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12:00 AM, July 08, 2019 / LAST MODIFIED: 06:49 AM, July 08, 2019

Rohingya Repatriation: Malaysia to work with Bangladesh

Its foreign minister promises to help ensure accountability for persecutions in Rakhine

Malaysia said it would work together with Bangladesh to ensure quick repatriation of the Rohingya as well as accountability for the persecutions committed against the Muslim minority group in Myanmar.

Malaysia’s Foreign Minister Saifuddin Abdullah, who held a meeting with Bangladesh Foreign Minister AK Abdul Momen at the state guest house, Padma, yesterday evening made the assurance.

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“He [Saifuddin] said Malaysia would work together with us in repatriation of the Rohingyas and on the question of accountability,” Momen told reporters after the meeting.

The Malaysian minister arrived in Bangladesh on a three-day visit. He visited the Rohingya camps in Kutupalong and a Malaysian-run field hospital for the refugees there.

Saifuddin told reporters that Malaysia would ask Asean Coordination Centre for Humanitarian Assistance (AHA) to prepare a comprehensive report on the preparedness of the Myanmar government for the repatriation of the Rohingyas by the end of this year.

A recent report of AHA was seriously criticised as it had no input from the refugees and had almost entirely disregarded the Myanmar government’s atrocities that led to mass displacement of the Rohingyas. It did not even use the term “Rohingya”, denying the group’s self-identity.

said Malaysia too was critical of the report and that it would ask AHA to prepare another report incorporating opinions of the Rohingyas.

“We both agreed that the repatriation of the Rohingya should occur as soon as possible,” he said.

Malaysia, as a member of Asean, would convince Myanmar in this regard and facilitate the repatriation.

“We are trying our level best to convince Asean and Myanmar,” Saifuddin said.

About one million Rohingyas, including the 741,000 who fled military atrocities in Myanmar’s Rakhine State to Bangladesh since August, 2017, live in refugee camps in Cox’s Bazar, putting huge economic and environmental pressure on Bangladesh.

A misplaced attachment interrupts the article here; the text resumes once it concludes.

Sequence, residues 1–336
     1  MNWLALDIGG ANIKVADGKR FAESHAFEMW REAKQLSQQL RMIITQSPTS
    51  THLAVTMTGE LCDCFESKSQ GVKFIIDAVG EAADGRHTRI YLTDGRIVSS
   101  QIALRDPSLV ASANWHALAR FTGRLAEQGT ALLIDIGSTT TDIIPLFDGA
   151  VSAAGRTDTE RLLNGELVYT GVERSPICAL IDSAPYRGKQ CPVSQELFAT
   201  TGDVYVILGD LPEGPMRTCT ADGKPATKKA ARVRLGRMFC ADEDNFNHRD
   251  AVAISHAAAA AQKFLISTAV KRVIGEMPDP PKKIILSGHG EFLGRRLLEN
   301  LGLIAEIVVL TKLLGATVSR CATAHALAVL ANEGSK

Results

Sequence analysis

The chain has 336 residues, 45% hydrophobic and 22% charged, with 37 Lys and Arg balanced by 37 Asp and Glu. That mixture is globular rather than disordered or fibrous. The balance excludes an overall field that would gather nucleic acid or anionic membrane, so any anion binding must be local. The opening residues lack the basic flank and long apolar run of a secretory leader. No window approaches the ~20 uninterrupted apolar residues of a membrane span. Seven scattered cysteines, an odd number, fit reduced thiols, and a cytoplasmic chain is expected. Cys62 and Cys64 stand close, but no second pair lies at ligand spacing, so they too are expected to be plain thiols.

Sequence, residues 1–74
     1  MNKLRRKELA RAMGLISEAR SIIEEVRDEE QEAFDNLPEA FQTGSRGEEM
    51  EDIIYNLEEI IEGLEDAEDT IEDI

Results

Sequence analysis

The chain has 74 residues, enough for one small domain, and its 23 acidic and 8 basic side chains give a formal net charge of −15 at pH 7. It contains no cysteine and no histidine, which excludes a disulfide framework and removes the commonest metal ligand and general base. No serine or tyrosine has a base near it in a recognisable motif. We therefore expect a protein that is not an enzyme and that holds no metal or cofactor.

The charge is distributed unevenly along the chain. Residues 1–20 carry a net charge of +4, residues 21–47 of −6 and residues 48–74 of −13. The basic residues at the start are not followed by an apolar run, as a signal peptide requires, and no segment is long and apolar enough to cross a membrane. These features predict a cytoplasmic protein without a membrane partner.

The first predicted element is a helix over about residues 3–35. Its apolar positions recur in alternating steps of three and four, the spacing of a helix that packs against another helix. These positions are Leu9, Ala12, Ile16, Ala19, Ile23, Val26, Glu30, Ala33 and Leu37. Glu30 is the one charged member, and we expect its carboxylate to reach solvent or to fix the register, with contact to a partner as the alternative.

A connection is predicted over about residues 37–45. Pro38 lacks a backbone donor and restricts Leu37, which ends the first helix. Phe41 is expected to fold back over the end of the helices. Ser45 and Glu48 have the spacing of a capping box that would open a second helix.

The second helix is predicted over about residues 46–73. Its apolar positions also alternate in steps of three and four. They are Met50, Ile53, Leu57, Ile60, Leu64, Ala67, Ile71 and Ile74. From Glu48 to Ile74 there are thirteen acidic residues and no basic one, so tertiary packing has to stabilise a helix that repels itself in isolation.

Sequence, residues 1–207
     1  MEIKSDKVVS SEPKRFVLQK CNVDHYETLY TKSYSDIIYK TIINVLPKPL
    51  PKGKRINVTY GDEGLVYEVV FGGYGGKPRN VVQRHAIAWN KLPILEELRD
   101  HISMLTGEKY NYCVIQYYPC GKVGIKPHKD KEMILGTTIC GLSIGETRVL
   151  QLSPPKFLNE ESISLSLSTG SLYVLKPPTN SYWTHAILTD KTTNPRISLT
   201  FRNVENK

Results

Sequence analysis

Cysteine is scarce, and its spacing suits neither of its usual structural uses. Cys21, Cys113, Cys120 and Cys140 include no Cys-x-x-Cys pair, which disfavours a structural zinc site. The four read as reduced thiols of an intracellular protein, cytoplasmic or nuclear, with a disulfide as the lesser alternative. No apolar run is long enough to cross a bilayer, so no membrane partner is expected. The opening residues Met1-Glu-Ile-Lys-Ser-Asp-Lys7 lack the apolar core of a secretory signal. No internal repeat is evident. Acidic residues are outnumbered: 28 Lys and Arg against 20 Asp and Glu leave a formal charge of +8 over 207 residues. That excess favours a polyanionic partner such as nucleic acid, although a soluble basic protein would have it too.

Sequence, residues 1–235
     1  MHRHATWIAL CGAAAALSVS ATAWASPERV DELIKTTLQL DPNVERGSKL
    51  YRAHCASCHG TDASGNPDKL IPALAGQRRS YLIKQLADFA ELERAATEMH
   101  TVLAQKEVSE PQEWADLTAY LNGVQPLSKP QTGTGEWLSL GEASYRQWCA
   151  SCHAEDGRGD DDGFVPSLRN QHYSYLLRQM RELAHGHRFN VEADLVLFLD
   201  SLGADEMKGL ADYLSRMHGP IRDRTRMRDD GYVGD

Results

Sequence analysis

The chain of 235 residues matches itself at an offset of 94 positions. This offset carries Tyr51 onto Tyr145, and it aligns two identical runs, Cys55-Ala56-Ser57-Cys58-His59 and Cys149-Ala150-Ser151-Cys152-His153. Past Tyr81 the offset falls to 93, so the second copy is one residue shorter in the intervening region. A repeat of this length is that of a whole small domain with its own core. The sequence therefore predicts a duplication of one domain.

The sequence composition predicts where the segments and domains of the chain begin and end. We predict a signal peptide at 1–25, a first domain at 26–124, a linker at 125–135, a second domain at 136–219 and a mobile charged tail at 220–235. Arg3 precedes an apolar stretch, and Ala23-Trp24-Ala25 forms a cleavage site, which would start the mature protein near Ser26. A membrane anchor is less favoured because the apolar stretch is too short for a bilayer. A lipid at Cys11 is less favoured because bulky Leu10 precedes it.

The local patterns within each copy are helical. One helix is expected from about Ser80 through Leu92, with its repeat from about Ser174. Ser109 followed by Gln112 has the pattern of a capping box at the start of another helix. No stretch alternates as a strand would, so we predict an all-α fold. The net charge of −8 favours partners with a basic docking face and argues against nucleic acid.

Saifuddin said, “They [the Rohingyas] want to go back to Myanmar, but they want it to be safe and dignified.”

The two ministers talked about reopening the Malaysian labour market for Bangladeshis. The market has been suspended since last September following allegations of monopoly and charging high recruitment fees by a syndicate of 10 Bangladeshi recruiting agencies and their lobbyists in Kuala Lumpur.

“We are working to improve the recruitment plan and salaries,” Saifuddin said, thanking the Bangladeshi workers for their hard work in the Southeast Asian country, home to some eight lakh Bangladeshis.

Minister Momen said Malaysia was preparing a comprehensive plan for labour recruitment from Bangladesh.

“We hope it will be open by August,” he said without elaborating.

He said the Malaysian prime minister might visit Bangladesh towards the end of the year or early next year.

The ministers also talked about a possible free-trade agreement between Bangladesh and Malaysia.

Bangladesh and Malaysia had substantial trade and investment ties with the 2018 two-way trade valued at $2.37 billion, an increase of 35.4 percent from $1.75 billion in 2017, according to Malaysian foreign ministry.

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